Multiple sclerosis drug metabolite appears to slow Parkinson’s disease onset: Study

By: Dr. Victor Marchione | Brain Function | Thursday, June 30, 2016 - 12:00 PM

Multiple sclerosis drug metabolite appears to slow Parkinson’s disease onset: StudyThe metabolite of a multiple sclerosis drug appears to slow the onset of Parkinson’s disease. The drug dimethylfumarate, or DMF, as well as its metabolite monomethylfumarate, or MMF, both increase activity of Nrf2, a protein that helps protect the body from oxidative stress and inflammation characteristic of both multiple sclerosis and Parkinson’s disease, according to neuroscientist Dr. Bobby Thomas.

Thomas said, “But the new study provides the first evidence that the metabolite, which is essentially the active portion of the parent drug, more directly targets Nrf2, potentially reducing known side effects of the parent drug that include flushing, diarrhea, nausea, vomiting, abdominal pain, and the brain infection encephalopathy.”

After receiving the neurotoxin MPTP, mice experienced a dramatic loss of dopamine-producing neurons – in fact, losing half with a few days – and rapidly developed Parkinson’s-like symptoms. Patients, on the other hand, develop the symptoms slowly over the course of many years. By the time they seek medical care, they may have lost 30 to 50 percent of their dopaminergic neurons.

The metabolite MMF appears to activate Nrf2 more directly, and actually increases glutathione and improves mitochondrial function, as brain cell studies showed. While the DMF drug ultimately produces a higher Nrf2 activation, the researchers found the MMF effect was sufficient to stop the dramatic neuron loss in the animal model.

Dr. John Morgan, neurologist, added, “If we can catch them early enough, maybe we can slow the disease. If it can help give five to eight more years of improved quality of life that would be great for our patients.”

Morgan recommends regular exercise as a means of reducing the decline of Nrf2 associated with aging.

Early onset Parkinson’s disease symptoms

Parkinson’s disease is a progressive neurological disease, which can begin with mild symptoms that worsen over time.

Here is a list of the 12 early warning signs to pay attention to.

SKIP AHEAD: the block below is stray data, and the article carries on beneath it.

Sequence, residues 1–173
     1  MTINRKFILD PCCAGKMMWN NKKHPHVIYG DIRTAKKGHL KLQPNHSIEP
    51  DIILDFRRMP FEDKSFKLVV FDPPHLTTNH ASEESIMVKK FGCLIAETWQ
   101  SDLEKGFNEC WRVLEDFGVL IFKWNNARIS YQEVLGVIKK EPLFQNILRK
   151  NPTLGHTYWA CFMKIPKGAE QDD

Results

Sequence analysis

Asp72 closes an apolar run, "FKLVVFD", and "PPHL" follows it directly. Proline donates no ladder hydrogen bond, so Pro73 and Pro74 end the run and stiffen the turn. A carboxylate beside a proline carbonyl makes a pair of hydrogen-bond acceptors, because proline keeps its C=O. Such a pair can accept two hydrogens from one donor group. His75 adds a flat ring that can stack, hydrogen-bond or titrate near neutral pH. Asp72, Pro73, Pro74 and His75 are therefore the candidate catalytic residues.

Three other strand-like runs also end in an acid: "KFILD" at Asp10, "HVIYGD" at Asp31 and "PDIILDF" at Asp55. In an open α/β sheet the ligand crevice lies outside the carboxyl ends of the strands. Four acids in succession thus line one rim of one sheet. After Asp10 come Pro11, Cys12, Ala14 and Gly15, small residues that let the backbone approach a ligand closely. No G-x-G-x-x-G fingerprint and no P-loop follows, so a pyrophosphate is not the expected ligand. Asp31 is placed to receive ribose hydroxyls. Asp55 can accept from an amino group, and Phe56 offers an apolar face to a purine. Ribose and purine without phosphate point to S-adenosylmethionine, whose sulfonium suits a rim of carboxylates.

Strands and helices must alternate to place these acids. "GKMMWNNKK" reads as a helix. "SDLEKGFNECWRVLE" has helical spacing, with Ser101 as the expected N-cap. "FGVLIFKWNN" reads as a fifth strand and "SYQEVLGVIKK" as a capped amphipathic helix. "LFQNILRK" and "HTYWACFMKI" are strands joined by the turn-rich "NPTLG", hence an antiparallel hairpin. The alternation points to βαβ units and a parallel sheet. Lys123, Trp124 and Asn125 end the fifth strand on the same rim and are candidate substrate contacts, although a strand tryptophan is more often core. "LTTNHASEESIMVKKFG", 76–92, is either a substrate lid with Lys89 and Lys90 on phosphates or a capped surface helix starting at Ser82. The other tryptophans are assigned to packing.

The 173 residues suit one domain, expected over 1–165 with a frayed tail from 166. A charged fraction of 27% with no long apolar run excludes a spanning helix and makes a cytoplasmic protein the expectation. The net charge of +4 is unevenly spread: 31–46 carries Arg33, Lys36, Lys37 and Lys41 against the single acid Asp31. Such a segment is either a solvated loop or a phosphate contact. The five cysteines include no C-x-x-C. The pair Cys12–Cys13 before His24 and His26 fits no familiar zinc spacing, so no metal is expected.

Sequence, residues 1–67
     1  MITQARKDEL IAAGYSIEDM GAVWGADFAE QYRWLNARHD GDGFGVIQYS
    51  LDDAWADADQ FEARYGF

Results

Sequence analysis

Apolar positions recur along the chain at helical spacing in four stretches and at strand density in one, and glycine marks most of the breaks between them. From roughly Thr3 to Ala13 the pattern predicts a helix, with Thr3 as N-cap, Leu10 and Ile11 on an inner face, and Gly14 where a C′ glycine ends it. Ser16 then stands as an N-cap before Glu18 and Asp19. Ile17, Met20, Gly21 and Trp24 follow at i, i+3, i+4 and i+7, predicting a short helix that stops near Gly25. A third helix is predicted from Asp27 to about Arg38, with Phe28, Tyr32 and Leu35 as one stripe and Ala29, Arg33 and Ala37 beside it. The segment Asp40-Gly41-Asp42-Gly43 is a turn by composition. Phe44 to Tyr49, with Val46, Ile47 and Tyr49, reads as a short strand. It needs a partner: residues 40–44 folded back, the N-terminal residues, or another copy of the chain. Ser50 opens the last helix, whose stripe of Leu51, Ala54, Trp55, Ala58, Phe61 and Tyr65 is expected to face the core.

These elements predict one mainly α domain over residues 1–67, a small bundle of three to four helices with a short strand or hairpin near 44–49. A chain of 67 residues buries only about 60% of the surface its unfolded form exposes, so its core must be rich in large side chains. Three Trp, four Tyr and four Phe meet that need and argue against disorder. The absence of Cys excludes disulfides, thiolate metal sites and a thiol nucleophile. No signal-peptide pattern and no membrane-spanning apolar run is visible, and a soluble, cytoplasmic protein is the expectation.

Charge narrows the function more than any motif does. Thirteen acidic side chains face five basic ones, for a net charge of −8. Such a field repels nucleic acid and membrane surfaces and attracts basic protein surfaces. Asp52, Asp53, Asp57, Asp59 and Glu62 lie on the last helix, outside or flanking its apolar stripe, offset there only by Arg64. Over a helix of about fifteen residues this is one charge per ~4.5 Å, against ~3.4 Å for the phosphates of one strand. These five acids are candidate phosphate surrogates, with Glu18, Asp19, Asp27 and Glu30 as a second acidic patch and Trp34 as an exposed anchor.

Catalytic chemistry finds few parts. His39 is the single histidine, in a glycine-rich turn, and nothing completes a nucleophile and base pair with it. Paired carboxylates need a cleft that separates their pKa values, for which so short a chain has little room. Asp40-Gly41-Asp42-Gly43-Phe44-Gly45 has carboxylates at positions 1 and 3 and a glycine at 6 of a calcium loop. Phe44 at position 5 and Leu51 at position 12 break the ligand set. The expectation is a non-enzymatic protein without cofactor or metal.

• Tremors or shaking
  • Changes in handwriting
  • Loss of smell
  • Trouble sleeping
  • Muscle tension
  • Changes in walking
  • Constipation
  • Quiet voice
  • Muted or flat facial expressions – known as a masked face
  • Dizziness or fainting
  • Stooping or hunching over
  • Depression or anxiety

Early diagnosis of Parkinson’s disease is crucial for slowing down the disease progression, which is easier in the beginning compared to when the condition is advanced. If you spot any of the symptoms listed above, go see your doctor right away.

Related Reading:

Multiple sclerosis vs. Parkinson’s disease, differences in symptoms, causes, and treatment

Multiple sclerosis (MS) is an autoimmune condition that affects the nervous system, while Parkinson’s disease is a progressive neurological disorder affecting movement. Symptoms of multiple sclerosis and Parkinson’s disease are quite similar at times, but there are distinct differences setting the two conditions apart. Continue reading…

In multiple sclerosis, constipation is a common symptom

In multiple sclerosis (MS), constipation is a common symptom. A nuisance anyone can experience in their everyday life, constipation is yet another one in the spectrum of uncomfortable symptoms associated with MS. Multiple sclerosis patients often suffer from chronic constipation and may go for days just not feeling “right”. Continue reading…


Share this information

Related Products

Popular Stories

Cart Items